DEV Community 👩‍💻👨‍💻

Cover image for Build a surveillance system using Raspberry Pi, NodeJS and Pir sensor
Nwachukwu Chibuike
Nwachukwu Chibuike

Posted on

Build a surveillance system using Raspberry Pi, NodeJS and Pir sensor

On February 2018 my interest in embedded systems began after reading couple of articles on the topic and discussing with some friends of mine that had an idea on it. That been the case nothing really caught my interest than when I saw that JavaScript, a language I was very familiar with, was also in the embedded space through NodeJs( Server side JavaScript).

In the article I would be showing you how I used the Raspberry Pi 3, NodeJs, Pir sensor to create a monitoring system. This system depends on the internet to send notifications and hence can be regarded as an IoT system.

Disclaimer: In this article I am assuming you have already set up the NodeJS environment in the raspberry pi and have everything installed and set up ready to run. If not please check out tutorials on setting up the Raspberry Pi 3 and NodeJs

Tools we would be needing

The following below are the tools, packages, services I used to carry out this project:

  1. Raspberry Pi 3: The Raspberry Pi is a series of small single board computer developed in the United Kingdom by the Raspberry Pi Foundation to promote teaching of basic computer science schools and in developing countries. I used it here as our mini computer system.
  2. Pir Motion Sensor: Pyroelectric (“Passive”) Infrared Sensors allows you to sense motion, almost always used to detect whether a human has moved in or out of the sensors range. I used it here to detect motion
  3. Nodemailer: A node package for sending mails, I used it to send mails
  4. onoff: A node package which has GPIO access and interrupt detection with Node.js, I used it here to interface with the Raspberry Pi GPIO pins.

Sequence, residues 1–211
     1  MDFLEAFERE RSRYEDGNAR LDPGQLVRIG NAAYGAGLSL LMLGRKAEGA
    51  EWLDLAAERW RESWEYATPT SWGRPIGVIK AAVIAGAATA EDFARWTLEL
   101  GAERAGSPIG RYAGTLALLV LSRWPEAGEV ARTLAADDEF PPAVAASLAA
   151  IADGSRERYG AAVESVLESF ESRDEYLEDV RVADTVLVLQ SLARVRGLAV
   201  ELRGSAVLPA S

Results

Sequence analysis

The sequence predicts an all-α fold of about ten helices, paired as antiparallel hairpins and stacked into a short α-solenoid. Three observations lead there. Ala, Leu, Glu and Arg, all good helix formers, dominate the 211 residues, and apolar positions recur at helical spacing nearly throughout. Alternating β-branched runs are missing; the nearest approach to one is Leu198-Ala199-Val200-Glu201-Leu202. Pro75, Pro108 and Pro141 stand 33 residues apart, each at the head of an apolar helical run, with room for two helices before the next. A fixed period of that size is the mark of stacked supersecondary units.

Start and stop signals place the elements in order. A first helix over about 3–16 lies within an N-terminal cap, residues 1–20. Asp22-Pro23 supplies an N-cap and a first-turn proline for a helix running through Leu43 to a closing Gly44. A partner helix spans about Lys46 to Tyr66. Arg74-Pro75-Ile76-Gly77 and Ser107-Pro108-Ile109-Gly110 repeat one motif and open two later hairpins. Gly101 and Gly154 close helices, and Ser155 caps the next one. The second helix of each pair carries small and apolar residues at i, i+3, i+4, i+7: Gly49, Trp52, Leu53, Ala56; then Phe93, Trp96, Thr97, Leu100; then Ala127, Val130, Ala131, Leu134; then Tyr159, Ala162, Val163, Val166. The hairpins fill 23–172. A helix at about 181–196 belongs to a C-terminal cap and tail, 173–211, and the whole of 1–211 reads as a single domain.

5. RGB Led Light: Used as a signal system here to show when motion has been detected. It consist of three colors red, green and blue.
  6. Breadboard: A breadboard is a solderless device for temporary prototype with electronics and test circuit designs. Most electronic components in electronic circuits can be interconnected by inserting their leads or terminals into the holes and then making connections through wires where appropriate. I used it here to connect some of my hardware.
  7. Jumper wires(Female to male and Female to Female): These are electronic wires I used to connect my hardware's.

Work time

Time to get our hands dirty!

Setting up hardware to board

  1. Setting up the RGB Led Light: Insert the three output legs of the RGB Led Light to the breadboard. Then insert the female-to-male jumper wire(male end) to the breadboard parallel to each leg of the RGB, attach the opposite ends of these jumper wire(female end) to any GPIO pins in the Pi you would want to use, in this article we would be using 2,4,17.
  2. Setting up the PIR Sensor : The sensor should likely have three ends, one for power, one for ground and one for output . Depending on the one you purchase, see a guide online on how to connect it to the pi board. In this article we would be using the GPIO pin 27 for output.

Setting up the mailer module

  1. First create a folder we would be working in and move into it, create a package.json file by running npm init and following the prompt, then install the node package by running this code:

      npm install nodemailer

    This would add the nodemailer to the node modules directory as
    one of our dependencies.

  2. Create a new file called mailer.js and open it in any text editor of your choice, we would be writing the mailing function needed in this file.

      const nodemailer = require("nodemailer");
      const transporter = nodemailer.createTransport({
     module.exports.sendEmail=function() {
     timerId=setTimeout(function() {